In a separate analysis of the +3142 HLA-G SNP alone, no differences were observed in the distributions of the three genotypes between the group with EF < 40% and the group with EF > 40%. For the group with EF > 40%, the frequencies were C/C (32.2%), C/G (43.7%), and G/G (24.1%). For the group with EF < 40%, they were C/C (32.8%), C/G (44.3%), and G/G (23.0%).

4. Discussion

This study shows that sHLA-G is increased in patients with EF < 40 compared to patients with EF ≥ 40%. There was no difference in the concentration of sHLA-G in LVSD patients with EF < 30% and with EF between 30 and 40%. Thus, sHLA-G in the blood plasma does not indicate the severity of LVSD, and, in accordance with the study by Almasood et al., we conclude that sHLA-G is a very sensitive LVSD biomarker [8, 9, 24]. The assay used in the current study detects both soluble HLA-G5 and soluble HLA-G1 associated with β2-microglobulin. The source of sHLA-G in the blood from men and nonpregnant women is not well established but is probably derived from immune cells [21]. It can be speculated that the raise in sHLA-G associated with LVSD might originate from activated immune cells or from the heart.

Neither sHLA-G nor serum uric acid is comparable with NT-proBNP as LVSD-biomarker, primarily due to a poor specificity [5]. Soluble HLA-G is influenced by many other conditions, for example, cancer and autoimmune disease, which may confound the analysis and the results and reduce the suitability of sHLA-G as a biomarker for LVSD.

Specificity may be increased by genotyping for the combined haplotypes of the two tested HLA-G gene polymorphisms. An interesting novel finding in the current study was that the distribution of the combined haplotypes of the two tested HLA-G gene polymorphisms, the 14 bp ins/del and the +3142 SNP in the 3′UTR of the gene, was statistically significant between the subjects with EF > 40% and patients with EF < 40% (Table 4; ). InsG/InsG was more frequent among subjects with EF > 40% than patients with EF < 40%; the opposite was observed for DelG/InsG. Interestingly, in healthy blood donors, the Ins 14 bp/Ins 14 bp HLA-G genotype has been significantly associated with low sHLA-G levels in the blood in several studies [28, 29]. Furthermore, the DelG/InsG combination has also been associated with a higher level of sHLA-G than the InsG/InsG combination, for example, in patients with multiple sclerosis; however, the DelC/DelC combination showed the highest concentrations of sHLA-G in the same study [30]. This is supported by the observations in the current study, which could indicate that specific HLA-G gene polymorphisms or haplotypes might influence the sHLA-G level in the blood and thereby the individual sHLA-G response in specific patients with systolic heart failure. It is not known whether this is due to genetic or epigenetic factors or if it is an adaptive mechanism triggered by the inflammatory process [19, 20].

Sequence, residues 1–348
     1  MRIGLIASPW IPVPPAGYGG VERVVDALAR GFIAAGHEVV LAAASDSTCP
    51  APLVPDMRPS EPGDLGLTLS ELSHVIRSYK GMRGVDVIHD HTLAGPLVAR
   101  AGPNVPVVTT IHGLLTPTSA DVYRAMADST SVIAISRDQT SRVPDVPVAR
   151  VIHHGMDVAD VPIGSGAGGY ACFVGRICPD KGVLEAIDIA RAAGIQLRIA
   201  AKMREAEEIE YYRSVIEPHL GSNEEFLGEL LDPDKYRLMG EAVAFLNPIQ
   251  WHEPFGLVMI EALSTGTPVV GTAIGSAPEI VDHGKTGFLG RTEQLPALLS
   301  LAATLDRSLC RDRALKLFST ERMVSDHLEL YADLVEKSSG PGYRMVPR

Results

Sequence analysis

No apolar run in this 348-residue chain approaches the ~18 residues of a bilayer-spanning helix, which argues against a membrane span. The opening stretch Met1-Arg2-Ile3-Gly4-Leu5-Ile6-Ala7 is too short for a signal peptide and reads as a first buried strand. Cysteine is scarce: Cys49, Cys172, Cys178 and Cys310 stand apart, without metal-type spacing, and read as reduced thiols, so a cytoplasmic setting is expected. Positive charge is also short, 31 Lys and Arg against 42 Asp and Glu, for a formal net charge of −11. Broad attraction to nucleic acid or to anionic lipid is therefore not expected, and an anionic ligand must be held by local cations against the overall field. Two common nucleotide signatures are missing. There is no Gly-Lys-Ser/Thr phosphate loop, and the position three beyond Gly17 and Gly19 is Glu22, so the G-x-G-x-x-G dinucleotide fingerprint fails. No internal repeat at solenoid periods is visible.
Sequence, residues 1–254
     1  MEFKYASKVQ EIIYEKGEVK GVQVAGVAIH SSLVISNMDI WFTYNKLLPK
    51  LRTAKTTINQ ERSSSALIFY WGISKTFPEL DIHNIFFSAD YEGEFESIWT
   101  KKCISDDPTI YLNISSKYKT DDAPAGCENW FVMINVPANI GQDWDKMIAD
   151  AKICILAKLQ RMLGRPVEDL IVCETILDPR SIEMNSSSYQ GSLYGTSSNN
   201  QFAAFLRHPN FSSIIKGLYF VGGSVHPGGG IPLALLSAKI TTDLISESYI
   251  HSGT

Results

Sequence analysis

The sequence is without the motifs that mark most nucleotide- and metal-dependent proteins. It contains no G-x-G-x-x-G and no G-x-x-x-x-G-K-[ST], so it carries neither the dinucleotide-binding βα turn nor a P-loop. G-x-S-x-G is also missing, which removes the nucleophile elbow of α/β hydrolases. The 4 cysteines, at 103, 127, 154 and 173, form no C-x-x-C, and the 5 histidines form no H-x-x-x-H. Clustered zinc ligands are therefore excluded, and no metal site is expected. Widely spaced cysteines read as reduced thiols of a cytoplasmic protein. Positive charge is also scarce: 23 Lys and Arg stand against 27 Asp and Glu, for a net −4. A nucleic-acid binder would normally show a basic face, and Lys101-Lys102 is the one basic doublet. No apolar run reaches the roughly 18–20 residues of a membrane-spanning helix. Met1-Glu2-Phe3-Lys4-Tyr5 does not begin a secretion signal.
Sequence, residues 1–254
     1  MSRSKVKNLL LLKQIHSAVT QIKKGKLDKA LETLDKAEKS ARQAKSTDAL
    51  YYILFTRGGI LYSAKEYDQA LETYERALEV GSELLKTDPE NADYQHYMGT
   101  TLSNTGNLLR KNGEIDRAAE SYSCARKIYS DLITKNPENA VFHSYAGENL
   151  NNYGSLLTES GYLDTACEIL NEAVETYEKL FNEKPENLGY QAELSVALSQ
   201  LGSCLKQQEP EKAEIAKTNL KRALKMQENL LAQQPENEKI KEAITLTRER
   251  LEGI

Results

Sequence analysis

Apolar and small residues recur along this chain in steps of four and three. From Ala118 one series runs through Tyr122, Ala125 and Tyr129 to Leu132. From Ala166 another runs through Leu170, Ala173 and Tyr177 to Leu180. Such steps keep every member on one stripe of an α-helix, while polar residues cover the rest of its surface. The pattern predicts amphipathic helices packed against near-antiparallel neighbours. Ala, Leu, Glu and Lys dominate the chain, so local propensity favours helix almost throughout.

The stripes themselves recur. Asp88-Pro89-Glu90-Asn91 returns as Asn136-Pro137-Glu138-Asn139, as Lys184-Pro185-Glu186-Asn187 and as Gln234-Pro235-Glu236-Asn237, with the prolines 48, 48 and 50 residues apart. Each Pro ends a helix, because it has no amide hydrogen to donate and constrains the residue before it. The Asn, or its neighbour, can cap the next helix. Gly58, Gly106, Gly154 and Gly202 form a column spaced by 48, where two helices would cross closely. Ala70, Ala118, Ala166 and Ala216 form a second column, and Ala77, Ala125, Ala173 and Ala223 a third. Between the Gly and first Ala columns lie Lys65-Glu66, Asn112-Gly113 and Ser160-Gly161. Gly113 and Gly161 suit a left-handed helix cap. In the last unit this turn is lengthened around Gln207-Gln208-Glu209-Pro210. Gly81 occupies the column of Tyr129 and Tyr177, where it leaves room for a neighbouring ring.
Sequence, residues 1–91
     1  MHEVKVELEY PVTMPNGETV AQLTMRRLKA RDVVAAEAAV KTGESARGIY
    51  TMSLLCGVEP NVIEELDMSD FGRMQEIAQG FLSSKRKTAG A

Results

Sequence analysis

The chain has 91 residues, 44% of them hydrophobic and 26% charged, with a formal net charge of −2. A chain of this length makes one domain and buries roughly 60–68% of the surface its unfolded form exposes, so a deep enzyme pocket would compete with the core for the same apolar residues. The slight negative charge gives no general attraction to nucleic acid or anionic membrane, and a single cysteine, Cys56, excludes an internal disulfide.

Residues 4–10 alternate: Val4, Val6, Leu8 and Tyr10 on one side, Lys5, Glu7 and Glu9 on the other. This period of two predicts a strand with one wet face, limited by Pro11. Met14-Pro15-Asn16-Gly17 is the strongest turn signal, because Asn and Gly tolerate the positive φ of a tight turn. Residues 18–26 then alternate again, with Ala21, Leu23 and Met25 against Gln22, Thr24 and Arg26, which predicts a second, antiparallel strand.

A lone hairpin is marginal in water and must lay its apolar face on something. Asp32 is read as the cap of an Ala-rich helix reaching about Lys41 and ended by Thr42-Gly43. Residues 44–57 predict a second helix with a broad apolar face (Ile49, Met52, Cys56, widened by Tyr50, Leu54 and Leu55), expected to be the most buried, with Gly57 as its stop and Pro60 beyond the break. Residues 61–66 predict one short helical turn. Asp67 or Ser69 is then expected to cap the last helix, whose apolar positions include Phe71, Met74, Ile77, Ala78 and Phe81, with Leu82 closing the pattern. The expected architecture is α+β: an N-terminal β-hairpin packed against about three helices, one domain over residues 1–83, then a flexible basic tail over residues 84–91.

There are certain limitations to the present study. One limitation of the current study is that the number of study participants is rather small; however, it is still the largest study until now regarding HLA-G in subjects with and without systolic heart failure. The study reflects clinical practice. The diagnosis of heart failure is uncertain for the small group with EF in the grey zone of 40–50%, but echocardiography is the standard diagnostic test and in this study performed by the most qualified [1, 2]. Important confounding factors are morbidities other than systolic heart failure, and these are common and inevitable (Table 1).

One of the reactions of the body to injury is inflammation represented in this study by serum uric acid, which might trigger an immunologic response represented in this study by sHLA-G [10]. Both are biomarkers of LVSD, and thus inflammation and immune modulation seem to be involved in LVSD. This is in accordance with accumulating evidence that systemic and persistent inflammatory disorders predispose to cardiovascular diseases. This is the case in gout, rheumatoid arthritis, psoriasis, inflammatory bowel disease, lupus erythematosus, sclerosis disseminatus, and other autoimmune diseases and in chronic infections and cancers [4, 5, 18, 31]. It is also observed in conditions associated with long-lasting low grade inflammation and endothelial dysfunctions like atherosclerosis, diabetes mellitus, the metabolic syndrome, venous thromboembolism, smoking, and affective disorders and in chronic heart failure [4, 12]. Upregulation of HLA-G is present in most of these disorders, which nevertheless are dominated by inflammation [18]. Out-of-balance inflammation with persistent rise in inflammatory cytokines seems to be the common denominator for many potentially coherent diseases and disorders, and it acts self-reinforcing in a complex vicious circle [4]. The inflammatory triggers and mediators are poorly understood, but they promote and regulate the inflammatory cascade that predisposes to, for example, atherosclerosis and LVSD [31].